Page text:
• “In other words, Quadrant 1 often does not exist. This isn’t always the case, but it’s especially likely to be true for people who have yet to get their career rolling, because usually when your truly important work is also urgent, it means you have something good going on. This creates a catch-22, where the people who most need urgency in order to do things—procrastinators early in their career—are often those with a totally vacant Quadrant 1.”
  • How to Beat Procrastination - Tim Urban (article)
  • Why Procrastinators Procrastinate - Tim Urban (article)
  • Surprising And Fascinating Results From The Taste Test - James Hoffman (video)

2023

2022

2021

Future

  • Deschooling Society - Ivan Illich
  • Divine Sex - Jonathan Grant
    • REFERRAL: Audrey F.
  • The Dark Forest - Cixin Liu LPL
  • The Overworked American: The Unexpected Decline of Leisure - Juliet Schor
  • Raising America: Experts, Parents, and a Century of Advice About Children - Ann Hulbert
  • Richard Sapper - Jonathan Olivares
  • The Space Trilogy - C.S. Lewis LPL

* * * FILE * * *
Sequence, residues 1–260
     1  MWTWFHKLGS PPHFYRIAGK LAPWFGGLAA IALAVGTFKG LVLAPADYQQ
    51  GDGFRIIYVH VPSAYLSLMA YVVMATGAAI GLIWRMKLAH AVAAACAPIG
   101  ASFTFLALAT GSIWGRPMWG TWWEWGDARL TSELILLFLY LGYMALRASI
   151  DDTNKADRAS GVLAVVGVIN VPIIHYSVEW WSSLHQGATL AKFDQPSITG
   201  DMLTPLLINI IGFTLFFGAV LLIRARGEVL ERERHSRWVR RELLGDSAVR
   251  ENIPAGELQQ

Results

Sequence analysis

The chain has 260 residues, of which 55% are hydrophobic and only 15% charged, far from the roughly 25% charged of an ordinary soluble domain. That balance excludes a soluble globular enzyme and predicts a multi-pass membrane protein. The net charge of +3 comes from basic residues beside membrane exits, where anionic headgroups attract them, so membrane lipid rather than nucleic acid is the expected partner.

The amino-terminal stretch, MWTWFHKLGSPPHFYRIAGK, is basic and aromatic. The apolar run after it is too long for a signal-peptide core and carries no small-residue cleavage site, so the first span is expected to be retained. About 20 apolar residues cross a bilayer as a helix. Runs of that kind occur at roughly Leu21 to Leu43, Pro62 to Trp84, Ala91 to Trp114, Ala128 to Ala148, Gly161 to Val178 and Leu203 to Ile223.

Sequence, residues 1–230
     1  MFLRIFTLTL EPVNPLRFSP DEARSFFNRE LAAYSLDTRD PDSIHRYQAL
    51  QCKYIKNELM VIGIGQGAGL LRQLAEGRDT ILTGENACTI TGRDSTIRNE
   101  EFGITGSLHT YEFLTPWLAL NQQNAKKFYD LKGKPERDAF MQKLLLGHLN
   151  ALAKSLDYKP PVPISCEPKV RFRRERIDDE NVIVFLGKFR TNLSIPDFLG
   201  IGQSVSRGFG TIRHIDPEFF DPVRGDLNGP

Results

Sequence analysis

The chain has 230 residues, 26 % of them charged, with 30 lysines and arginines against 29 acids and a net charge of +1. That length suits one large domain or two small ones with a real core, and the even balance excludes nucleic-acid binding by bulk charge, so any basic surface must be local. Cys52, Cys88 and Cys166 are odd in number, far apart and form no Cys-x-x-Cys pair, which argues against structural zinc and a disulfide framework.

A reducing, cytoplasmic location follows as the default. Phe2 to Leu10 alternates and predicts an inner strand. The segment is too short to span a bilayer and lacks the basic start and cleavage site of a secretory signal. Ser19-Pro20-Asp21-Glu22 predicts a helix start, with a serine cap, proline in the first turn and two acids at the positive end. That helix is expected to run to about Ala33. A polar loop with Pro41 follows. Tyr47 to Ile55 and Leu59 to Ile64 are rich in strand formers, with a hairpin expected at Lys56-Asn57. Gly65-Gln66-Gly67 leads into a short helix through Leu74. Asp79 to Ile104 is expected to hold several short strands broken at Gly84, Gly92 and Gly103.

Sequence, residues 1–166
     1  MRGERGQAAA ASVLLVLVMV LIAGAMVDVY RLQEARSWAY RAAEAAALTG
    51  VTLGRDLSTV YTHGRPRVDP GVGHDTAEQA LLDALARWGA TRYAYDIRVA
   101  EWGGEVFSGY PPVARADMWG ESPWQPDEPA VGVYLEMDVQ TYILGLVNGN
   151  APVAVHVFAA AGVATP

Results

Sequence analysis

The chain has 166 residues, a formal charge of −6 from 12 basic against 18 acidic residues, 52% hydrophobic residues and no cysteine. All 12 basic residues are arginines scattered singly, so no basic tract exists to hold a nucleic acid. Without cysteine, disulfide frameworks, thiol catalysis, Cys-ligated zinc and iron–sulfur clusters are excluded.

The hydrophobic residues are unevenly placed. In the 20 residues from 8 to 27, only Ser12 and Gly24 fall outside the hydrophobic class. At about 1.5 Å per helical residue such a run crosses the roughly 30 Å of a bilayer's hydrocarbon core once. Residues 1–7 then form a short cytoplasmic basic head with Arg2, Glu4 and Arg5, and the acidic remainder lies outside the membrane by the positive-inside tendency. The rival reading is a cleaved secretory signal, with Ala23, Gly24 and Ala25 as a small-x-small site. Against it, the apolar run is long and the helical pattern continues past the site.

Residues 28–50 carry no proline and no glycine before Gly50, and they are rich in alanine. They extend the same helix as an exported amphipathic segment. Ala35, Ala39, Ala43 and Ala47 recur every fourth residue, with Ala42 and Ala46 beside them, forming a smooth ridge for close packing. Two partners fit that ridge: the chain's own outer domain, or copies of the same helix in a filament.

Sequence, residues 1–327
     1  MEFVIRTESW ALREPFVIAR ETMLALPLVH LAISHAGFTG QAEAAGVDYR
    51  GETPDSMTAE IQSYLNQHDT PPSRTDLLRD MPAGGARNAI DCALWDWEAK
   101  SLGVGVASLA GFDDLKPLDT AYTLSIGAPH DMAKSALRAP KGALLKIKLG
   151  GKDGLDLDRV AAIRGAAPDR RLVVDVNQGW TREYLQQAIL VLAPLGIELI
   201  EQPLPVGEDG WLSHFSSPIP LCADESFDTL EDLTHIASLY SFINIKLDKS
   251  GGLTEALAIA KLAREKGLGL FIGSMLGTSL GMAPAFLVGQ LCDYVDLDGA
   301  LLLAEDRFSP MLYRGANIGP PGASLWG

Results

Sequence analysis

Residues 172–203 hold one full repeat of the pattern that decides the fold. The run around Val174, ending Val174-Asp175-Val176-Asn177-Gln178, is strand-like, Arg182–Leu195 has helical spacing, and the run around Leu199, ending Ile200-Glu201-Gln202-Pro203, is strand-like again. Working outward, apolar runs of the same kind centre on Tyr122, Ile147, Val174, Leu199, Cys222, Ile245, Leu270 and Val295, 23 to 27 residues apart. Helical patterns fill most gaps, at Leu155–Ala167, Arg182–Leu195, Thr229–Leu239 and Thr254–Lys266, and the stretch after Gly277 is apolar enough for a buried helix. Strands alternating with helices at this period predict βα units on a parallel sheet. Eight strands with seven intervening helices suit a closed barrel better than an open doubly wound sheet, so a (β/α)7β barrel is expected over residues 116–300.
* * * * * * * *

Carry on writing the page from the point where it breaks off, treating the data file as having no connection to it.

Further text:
• The Fountainhead - Ayn Rand LPL
  • The Decline of the West - Oswald Spengler
  • The Closing of the American Mind - Allan Bloom LPL
  • Anxious Parents: A History of Modern Childrearing in America - Peter N. Stearns
  • Lex, Rex - Samuel Rutherford
    • Rich B.
  • How Will You Measure Your Life - Clayton Christensen LPL
    • Hannah Frankman
  • Assimilate : a critical history of industrial music - S. Alexander Reed
  • The Underground History of American Education - John Taylor Gatto LPL
  • Till We Have Faces - C.S. Lewis LPL
  • The ARPANET Sourcebook: The Unpublished Foundations of the Internet - Peter H. Salus
  • The Cathedral and the Bazaar - Eric S. Raymond
  • How to Read a Book - Mortimer J. Adler
  • Working in Public: The Making and Maintenance of Open Source Software - Nadia Eghbal
  • Selfish Reasons to Have More Kids - Bryan Caplan
  • Free as in Freedom: Richard Stallman’s Crusade for Free Software - Sam Williams